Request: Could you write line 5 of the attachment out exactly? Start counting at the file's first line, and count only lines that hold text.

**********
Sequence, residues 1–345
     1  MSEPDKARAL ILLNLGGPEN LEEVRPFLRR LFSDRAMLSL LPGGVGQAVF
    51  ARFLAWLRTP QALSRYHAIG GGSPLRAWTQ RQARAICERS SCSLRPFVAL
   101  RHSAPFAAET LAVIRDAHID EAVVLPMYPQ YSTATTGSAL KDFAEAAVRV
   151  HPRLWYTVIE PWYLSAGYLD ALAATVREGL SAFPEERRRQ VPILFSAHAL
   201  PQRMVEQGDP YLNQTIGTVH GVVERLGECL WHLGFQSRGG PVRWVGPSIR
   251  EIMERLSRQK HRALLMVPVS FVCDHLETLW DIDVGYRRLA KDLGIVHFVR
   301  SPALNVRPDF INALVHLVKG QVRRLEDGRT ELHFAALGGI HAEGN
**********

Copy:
   151  HPRLWYTVIE PWYLSAGYLD ALAATVREGL SAFPEERRRQ VPILFSAHAL